Firm with ties to DHS investigated
Authorities want to know if a social-service agency fraudulently got millions in federal cash.
The U.S. Attorney's Office recently sent the city a subpoena demanding copies of more than 500 files on families served by MultiEthnic Behavioral Health, which has been paid $3.6 million since 2001 to check on children and families for the Department of Human Services, city officials said yesterday.
One official estimated that the request could cover as many as 650,000 documents, including information about how MultiEthnic's contract was awarded and monitored.
Officials said the city was also cooperating with a separate investigation by the Philadelphia District Attorney's Office into the death of Danieal Kelly, the girl with cerebral palsy who wasted away in August while MultiEthnic social workers were supposed to be making weekly visits to her home.
"The City of Philadelphia is cooperating with the U.S. Attorney's Office in connection with its investigation of MultiEthnic Behavioral Health Inc. and Dr. Earle McNeill," said City Solicitor Romulo L. Diaz Jr., reading a prepared statement and referring to the agency's executive director.
He said the city terminated its contract with MultiEthnic on Oct. 6 for "failure to meet performance requirements under that contract."
Diaz declined to comment further, and a spokesman for the U.S. Attorney's Office said he could not comment. A lawyer for McNeill and MultiEthnic, Luther E. Weaver III, could not be reached for comment when the news broke after business hours. He had previously asked that all inquiries to McNeill be directed to him.
In an interview last month, Weaver said, "MultiEthnic complied fully with all DHS procedures as required by their contract. When the full story comes out concerning this family, it will be demonstrated that MultiEthnic and its employees were not responsible for the death of Danieal Kelly."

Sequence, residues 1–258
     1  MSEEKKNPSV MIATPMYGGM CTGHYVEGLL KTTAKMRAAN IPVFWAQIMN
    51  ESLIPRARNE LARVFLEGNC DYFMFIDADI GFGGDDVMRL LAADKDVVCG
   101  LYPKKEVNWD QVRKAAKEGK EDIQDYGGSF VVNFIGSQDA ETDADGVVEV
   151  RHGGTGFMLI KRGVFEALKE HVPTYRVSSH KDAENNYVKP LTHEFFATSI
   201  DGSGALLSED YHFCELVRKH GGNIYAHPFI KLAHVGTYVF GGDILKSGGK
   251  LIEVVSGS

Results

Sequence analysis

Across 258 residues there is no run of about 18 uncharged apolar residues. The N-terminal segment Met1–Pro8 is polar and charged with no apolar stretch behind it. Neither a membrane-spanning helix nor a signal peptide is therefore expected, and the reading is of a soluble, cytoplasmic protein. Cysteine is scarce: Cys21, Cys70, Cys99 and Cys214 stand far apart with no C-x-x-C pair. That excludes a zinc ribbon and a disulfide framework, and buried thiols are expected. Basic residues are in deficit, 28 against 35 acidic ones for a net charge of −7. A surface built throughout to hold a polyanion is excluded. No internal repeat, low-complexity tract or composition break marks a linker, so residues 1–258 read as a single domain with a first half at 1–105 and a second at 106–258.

Frank P. Cervone, executive director of the Support Center for Child Advocates in Philadelphia and a member of a new mayoral panel that will investigate recent child deaths on DHS caseloads, said he was glad to hear of the two investigations.
"All parties are innocent until found guilty," he said, "but it's hard to believe there was not a reckless disregard for life and well-being, and that's criminal."
The Inquirer reported last month that MultiEthnic was paid by DHS for nearly 10 months to provide services to the Kelly family, a mother and her nine children crammed into a stifling Mantua apartment. Among the children was Danieal , who was bedridden and partially paralyzed.
She weighed just 42 pounds when she died, according to a secret DHS death review seen by The Inquirer, and she was found with maggot-infested bedsores that exposed her bones. Her stomach was empty of fluids and food, the death review said. No charges have been filed.
The Inquirer also reported last month that MultiEthnic filed documents with the city that appear to describe meetings with another teen, Braheem Burke, after he had become a fugitive on double murder charges. Philadelphia homicide detectives, who tried to catch Burke at his house three times, said they did not believe those meetings took place.
MultiEthnic director McNeill is a licensed psychologist and certified clinical social worker who holds a doctorate in education from Boston University and a master's in social work from the University of Pennsylvania, his resume says.
McNeill's resume lists an array of contracts with government agencies and nonprofit organizations. He heads a company called Urban Health Services Inc., which had a three-year contract to provide counseling and substance-abuse treatment to SEPTA employees. The contract expired in 1999 and was not renewed, according to SEPTA spokesman Rich Maloney. It was put out to bid and MultiEthnic lost to a competing firm, he said.
In addition to SEPTA, that company performed work for the City of Wilmington and served as a consultant to the DuPont Co., according to McNeill's resume.
In his resume, McNeill said he and companies he is associated with have provided psychological evaluations for prisoners under a contract with the state Department of Corrections, run alcohol-treatment programs for teens, and offered mental-health treatment to children and adults. He also has offered parenting classes and worked with troubled young people.
Until last week, McNeill also did psychological evaluations for Intercultural Family Services, a nonprofit human-services agency that holds nearly $3 million in current contracts with DHS to assist at-risk families and children.
"He did good work for us," said Myra Brown, Intercultural's deputy executive director. She said McNeill's affiliation with the group ended abruptly last week, when he sent a letter saying he was resigning "for health reasons."
Contact staff writer Ken Dilanian at 215-854-4779 or firstname.lastname@example.org.
Inquirer staff writer John Shiffman contributed to this article.